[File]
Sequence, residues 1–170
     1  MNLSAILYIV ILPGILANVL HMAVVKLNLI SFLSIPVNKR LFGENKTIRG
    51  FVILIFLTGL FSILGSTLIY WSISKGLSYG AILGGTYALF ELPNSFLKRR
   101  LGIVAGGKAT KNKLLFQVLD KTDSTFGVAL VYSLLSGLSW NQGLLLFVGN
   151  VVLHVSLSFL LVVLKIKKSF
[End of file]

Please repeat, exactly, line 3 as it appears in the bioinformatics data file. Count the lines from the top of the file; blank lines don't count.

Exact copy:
    51  FVILIFLTGL FSILGSTLIY WSISKGLSYG AILGGTYALF ELPNSFLKRR